Liz Coley’s 2013 debut, a Young Adult psychological thriller, PRETTY GIRL 13, has been translated into eleven languages and made into an audio book!! It was selected for multiple best book lists, including:
I would go back to the day I turned in my manuscript in September 2011 and counsel myself to begin talking immediately to my editor about my option book. I didn’t know at this point that a second book would require a collaboration and a meeting of the minds. I didn’t know that I should begin with a pitch, a proposal, a partial. I worked in quiet isolation for over a year on what I thought would be a brilliant successor book in the same dark psychological genre. I was so proud of the struggle and the story. And it wasn’t accepted. So my option was done, and I no longer had a foot in the door for my sophomore publication. Further, the expectation in the industry at that point was that I would continue with the same house, which meant I could not go out on wider submission without significant awkwardness. This was a stalling point from which I am still hoping to recover four years and six manuscripts later.
Writing can be a lonely business with a lot of ups and downs. We all deal with bad reviews, manuscript rejections, changes in the industry, etc. How have you coped with the stress? Do you have activities, or friends, that have been particularly helpful?
When my debut novel was bought by a large house, my non-writing friends prematurely celebrated my “big break” in publishing (“When are they going to make a movie of your book?” “Are you on the bestseller list yet?”). They were only trying to be supportive, but….Starry eyes have dimmed as I’ve learned more and spoken more frankly about the fickleness and difficulties of the business. I do ask myself whether I should just reply “Great!” or “Okay” to questions instead of educating people about the realities. Bursting bubbles, including our own, is a little soul-destroying.
On the positive side!…I’ve networked throughout the city and state with wonderful and kind fellow YA authors, and in various ways, we support each other emotionally and co-market our work. We look out for opportunities for each other. In the real world, I play tennis three days a week and sing in a church choir. Having these non-writing activities five days out of seven is very helpful. That doesn’t mean I haven’t gained the freshman-novel-fifteen from stress eating. No one warns you about that!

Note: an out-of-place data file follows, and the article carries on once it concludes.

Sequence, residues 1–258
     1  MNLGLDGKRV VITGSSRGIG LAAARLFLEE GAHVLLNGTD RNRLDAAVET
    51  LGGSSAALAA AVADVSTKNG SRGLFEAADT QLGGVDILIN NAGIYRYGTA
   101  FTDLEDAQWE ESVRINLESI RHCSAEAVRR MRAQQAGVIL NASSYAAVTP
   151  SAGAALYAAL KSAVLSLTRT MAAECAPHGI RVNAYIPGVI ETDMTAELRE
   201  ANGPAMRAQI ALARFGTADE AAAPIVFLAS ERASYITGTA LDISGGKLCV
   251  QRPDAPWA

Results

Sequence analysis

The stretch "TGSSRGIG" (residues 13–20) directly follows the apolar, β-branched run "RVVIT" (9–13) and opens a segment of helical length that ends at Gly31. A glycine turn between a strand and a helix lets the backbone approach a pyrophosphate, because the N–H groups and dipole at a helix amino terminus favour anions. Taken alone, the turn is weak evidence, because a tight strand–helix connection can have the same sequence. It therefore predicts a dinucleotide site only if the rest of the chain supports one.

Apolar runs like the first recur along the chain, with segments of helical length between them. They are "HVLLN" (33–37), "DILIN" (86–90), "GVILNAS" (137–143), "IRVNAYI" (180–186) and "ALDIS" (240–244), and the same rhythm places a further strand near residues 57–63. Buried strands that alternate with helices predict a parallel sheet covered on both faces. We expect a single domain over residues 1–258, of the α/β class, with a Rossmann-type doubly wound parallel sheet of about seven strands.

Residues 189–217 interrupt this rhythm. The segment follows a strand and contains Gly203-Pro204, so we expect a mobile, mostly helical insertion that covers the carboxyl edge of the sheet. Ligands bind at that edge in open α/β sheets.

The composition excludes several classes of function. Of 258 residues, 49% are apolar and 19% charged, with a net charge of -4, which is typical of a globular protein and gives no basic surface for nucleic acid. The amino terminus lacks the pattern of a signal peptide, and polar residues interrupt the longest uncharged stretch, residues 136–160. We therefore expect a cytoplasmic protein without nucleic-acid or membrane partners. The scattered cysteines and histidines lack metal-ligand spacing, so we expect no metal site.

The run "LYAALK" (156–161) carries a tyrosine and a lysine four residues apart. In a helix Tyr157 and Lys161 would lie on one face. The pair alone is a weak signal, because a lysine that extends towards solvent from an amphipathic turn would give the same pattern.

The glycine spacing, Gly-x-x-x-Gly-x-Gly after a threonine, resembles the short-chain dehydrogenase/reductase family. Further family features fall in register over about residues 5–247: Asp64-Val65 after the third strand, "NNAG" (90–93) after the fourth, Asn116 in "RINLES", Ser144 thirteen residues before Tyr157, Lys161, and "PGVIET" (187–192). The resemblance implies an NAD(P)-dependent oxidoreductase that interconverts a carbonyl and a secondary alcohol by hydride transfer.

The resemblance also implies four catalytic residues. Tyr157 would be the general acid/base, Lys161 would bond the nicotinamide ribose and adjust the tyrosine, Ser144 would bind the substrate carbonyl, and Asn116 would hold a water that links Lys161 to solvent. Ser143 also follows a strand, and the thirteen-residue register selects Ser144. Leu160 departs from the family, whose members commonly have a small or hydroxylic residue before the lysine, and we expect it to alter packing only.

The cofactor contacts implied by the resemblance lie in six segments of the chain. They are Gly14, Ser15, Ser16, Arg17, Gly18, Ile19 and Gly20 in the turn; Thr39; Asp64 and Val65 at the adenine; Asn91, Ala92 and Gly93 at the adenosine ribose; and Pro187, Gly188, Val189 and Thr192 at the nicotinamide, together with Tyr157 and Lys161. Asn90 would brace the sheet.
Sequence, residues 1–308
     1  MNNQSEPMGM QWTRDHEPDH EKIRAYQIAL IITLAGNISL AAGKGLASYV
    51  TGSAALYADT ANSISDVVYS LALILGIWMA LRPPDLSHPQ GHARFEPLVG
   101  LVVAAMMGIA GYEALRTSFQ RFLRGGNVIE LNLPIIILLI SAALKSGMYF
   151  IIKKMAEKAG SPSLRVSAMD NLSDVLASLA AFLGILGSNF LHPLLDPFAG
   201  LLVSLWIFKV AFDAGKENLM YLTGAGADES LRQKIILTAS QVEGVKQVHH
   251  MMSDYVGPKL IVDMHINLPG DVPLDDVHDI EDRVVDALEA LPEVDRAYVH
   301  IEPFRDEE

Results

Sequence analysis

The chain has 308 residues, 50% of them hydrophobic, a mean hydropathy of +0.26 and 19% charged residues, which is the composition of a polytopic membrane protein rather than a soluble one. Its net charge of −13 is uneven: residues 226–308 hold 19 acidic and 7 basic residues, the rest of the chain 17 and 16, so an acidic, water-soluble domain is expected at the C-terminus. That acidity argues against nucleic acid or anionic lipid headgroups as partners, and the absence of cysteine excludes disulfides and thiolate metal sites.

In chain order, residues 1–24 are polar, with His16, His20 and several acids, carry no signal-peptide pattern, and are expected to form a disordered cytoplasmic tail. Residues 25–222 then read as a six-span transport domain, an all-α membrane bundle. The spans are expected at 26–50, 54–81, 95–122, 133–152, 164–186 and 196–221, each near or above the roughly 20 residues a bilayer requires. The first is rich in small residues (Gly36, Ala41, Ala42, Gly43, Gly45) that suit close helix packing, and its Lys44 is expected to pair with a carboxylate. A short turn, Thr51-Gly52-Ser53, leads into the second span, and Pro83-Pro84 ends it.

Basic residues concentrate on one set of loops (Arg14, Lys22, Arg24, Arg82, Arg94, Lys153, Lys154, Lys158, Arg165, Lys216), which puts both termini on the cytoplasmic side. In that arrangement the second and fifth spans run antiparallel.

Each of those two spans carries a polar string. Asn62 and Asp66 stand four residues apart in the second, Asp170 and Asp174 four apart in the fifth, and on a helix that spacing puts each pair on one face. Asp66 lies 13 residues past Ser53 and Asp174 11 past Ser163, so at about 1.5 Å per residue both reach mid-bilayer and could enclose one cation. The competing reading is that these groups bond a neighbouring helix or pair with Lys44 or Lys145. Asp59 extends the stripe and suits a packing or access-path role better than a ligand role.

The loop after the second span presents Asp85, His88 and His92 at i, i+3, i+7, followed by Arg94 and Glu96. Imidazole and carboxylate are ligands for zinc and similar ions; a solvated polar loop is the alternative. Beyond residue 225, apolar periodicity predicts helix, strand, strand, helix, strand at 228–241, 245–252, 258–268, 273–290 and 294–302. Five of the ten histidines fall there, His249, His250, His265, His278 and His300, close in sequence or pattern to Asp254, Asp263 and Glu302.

According to a recent AAP report, indie books now make up nearly 60% of all Kindle ebooks purchased in the US, and take in 40% of all consumer dollars spent on those ebooks. What are your thoughts on the growing competition from self-published books? How do you feel about self-publishing your own work?
I have self-published my work—one novel before my traditional and three novels after. In fact, I am frequently asked to speak on the comparison between the experiences. In a nutshell, self-publishing should not be the first choice unless you already have an extensive fan base and a way to reach them. The mechanics of self-publishing are easily mastered. That’s not the issue. And the artistic and editorial control is very satisfying, However, discoverability (notice me! notice me!) is hard enough with a big house at your back. It’s even harder as an indy pub. Plus access to shelf space in stores and libraries is close to impossible. Foreign sales, which made the international success of Pretty Girl-13, are pretty much out of the picture for an indy. The reason we all know about The Martian is that Andy Weir was exceptionally talented, fortunate, well-timed, etc. You can’t go into self-pub with the expectation that you will even make back your investment. Just the hope.
Next we’ll hear from K. A. Barson, whose whose poignant and powerful 2013 Debut, 45 POUNDS (more or less), earned a VOYA starred review and became a beloved favourite for anyone who struggles, or has struggled, with issues of weight and self-image.